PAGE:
For many, alcohol dependence (AD) is a multi-layered disorder. For these individuals, AD might co-occur with other mental health and/or substance use problems, such as opioid dependence. Research has shown that among people with AD, additional mental health and substance use problems likely contribute to risky behavior like driving under the influence. As part of our new Special Series on Opioid Dependence and Recovery, this week The DRAM reviews a study by Howard Moss and his colleagues that examines of the relationship between drug use, mental health disorders, and alcohol use patterns among those with AD.
What was the research question?
Is the severity and pattern of AD different for people with additional substance use and comorbid mental health problems?
What did the researchers do?
The researchers analyzed data from the National Epidemiologic Survey on Alcohol and Related Conditions (NESARC), a survey of the general adult US population. Within that sample of approximately 40,000, 4% met past year DSM-IV criteria for alcohol dependence1. Moss and colleagues used latent class analysis to categorize these 1,172 into groups based on their self-reported past year substance use history.
What did they find?
Latent class analyses identified four substance use groups among individuals with AD: (1) alcohol use only (30%), (2) alcohol and tobacco use (34%), (3) alcohol, tobacco and cannabis use (15%), and (4) alcohol, tobacco, cannabis, cocaine, other illicit drug(s) use (21%). Those in Group 4--the illicit polysubstance group-- met more criteria for alcohol dependence and alcohol abuse and had more severe alcohol use behaviors than members of the other groups (Figure 1). The illicit polysubstance group also had the earliest age of onset for alcohol dependence and were the most likely to seek treatment. Finally, the illicit polysubstance group had a higher prevalence of some mood, anxiety and personality disorders than others (Figure 2).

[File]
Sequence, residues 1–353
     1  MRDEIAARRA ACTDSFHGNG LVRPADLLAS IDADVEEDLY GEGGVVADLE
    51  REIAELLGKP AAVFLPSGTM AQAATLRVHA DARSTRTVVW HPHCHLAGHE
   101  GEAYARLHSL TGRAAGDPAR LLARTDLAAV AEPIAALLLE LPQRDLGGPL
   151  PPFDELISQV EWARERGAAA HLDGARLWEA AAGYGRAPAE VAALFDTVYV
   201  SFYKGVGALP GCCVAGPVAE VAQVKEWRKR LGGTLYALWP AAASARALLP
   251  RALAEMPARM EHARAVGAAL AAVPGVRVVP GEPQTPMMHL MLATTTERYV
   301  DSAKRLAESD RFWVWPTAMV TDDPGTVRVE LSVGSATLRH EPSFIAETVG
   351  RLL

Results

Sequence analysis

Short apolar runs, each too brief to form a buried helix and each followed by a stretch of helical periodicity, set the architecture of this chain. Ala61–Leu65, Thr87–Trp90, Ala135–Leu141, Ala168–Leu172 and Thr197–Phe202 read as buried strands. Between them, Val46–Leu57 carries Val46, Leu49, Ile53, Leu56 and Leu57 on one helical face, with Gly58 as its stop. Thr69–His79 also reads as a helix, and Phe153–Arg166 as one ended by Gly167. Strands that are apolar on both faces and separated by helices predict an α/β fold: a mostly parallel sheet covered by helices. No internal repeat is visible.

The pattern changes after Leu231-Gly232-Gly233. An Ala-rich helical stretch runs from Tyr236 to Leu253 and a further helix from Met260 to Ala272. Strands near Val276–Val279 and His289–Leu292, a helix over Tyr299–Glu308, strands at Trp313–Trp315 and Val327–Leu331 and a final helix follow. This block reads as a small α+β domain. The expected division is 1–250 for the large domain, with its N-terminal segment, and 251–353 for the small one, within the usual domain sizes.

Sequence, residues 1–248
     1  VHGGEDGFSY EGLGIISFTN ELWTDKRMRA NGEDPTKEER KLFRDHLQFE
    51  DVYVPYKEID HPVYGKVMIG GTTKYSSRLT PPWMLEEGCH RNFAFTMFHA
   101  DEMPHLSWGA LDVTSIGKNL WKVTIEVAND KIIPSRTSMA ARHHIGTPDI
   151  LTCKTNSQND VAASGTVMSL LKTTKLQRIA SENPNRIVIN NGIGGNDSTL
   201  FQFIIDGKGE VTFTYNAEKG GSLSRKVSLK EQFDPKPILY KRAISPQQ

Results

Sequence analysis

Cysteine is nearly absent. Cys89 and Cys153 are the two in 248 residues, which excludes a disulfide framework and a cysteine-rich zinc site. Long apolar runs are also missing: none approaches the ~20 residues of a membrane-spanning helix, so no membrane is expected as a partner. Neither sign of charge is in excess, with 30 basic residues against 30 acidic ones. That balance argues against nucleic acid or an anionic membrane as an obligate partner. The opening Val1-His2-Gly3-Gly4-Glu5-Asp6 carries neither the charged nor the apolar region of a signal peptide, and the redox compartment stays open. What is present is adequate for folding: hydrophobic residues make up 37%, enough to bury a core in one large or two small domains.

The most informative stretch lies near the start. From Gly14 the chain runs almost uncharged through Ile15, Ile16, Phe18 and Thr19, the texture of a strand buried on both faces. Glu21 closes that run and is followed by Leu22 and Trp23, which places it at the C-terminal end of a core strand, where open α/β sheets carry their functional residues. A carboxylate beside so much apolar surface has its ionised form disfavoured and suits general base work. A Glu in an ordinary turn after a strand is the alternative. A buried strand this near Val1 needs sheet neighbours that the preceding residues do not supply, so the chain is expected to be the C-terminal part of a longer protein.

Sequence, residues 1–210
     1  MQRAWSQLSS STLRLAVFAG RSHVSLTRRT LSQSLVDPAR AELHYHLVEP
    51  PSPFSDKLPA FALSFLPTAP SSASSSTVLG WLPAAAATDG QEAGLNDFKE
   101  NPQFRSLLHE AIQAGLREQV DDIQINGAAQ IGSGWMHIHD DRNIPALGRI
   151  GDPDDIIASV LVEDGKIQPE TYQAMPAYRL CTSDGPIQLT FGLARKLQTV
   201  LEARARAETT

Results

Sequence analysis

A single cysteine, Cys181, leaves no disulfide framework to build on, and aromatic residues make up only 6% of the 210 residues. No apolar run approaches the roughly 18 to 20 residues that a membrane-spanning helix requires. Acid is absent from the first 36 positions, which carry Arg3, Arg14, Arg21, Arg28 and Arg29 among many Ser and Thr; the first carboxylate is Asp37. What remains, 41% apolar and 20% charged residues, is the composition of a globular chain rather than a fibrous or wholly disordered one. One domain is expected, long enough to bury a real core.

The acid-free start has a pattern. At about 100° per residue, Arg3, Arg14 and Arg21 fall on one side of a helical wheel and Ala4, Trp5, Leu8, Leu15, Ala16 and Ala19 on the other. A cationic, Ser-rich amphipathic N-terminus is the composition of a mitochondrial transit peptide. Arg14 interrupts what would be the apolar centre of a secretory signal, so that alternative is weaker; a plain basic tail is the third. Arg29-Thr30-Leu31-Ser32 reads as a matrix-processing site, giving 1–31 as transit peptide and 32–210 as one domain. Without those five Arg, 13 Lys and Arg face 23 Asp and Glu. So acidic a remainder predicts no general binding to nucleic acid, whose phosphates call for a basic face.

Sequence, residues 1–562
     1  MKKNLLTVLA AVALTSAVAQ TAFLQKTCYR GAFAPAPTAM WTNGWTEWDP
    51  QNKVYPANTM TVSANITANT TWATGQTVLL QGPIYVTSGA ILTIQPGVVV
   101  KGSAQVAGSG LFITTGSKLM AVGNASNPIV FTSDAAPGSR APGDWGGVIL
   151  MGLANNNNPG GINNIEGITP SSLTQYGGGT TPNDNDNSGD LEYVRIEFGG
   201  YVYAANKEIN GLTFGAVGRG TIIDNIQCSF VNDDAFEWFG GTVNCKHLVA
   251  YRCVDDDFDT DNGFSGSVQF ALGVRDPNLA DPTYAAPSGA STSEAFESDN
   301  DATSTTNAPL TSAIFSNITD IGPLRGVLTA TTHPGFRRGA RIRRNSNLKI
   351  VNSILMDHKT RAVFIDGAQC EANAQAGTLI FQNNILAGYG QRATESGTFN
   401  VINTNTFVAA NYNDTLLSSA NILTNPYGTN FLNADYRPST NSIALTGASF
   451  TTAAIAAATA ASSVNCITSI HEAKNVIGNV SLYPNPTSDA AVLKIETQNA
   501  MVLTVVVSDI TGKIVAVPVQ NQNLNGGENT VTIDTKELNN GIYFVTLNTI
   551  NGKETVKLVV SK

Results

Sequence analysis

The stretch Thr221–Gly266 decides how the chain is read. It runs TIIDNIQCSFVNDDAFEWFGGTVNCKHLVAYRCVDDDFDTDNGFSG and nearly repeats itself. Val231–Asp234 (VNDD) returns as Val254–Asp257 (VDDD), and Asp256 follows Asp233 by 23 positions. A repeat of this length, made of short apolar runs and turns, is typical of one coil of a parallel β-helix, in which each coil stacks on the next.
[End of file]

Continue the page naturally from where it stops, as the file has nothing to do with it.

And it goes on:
Why do these findings matter?
Individuals with alcohol dependence without other substance use/mental health problems are only a small portion of the AD population, yet they are the most commonly represented in clinical trials and interventions. Treatment is then designed based on these trials, leaving those who struggle with AD in addition to other substance use/mental health problems with inadequate care. The current study suggests that treatment needs to evolve beyond the standard assessment and add layers of psychiatric and medical screening. As policy makers turn their attention to the epidemic of opioid dependence and overdose, they should keep in mind the complexity of challenges that may be prolonging and intensifying substance use disorders and associated consequences.
Every study has limitations. What about this one?
This study measured whether certain types of substance use and mental health issues co-occurred within the past year. However, the study cannot tell us whether participants used substances together or whether one kind of substance use or mental health problem was the particular cause of their alcohol dependence symptoms.
Figure 1. Alcohol use behavior among NESARC respondents with alcohol dependence
Figure 2. Prevalence of disorders among NESARC respondents with alcohol dependence
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1 The 4% prevalence rate for alcohol dependence relies on a complex weighting algorithm that accounts for the complex sampling design used in NESARC. Therefore, the 1,172 individuals analyzed in this paper are not exactly 4% of NESARC’s full sample.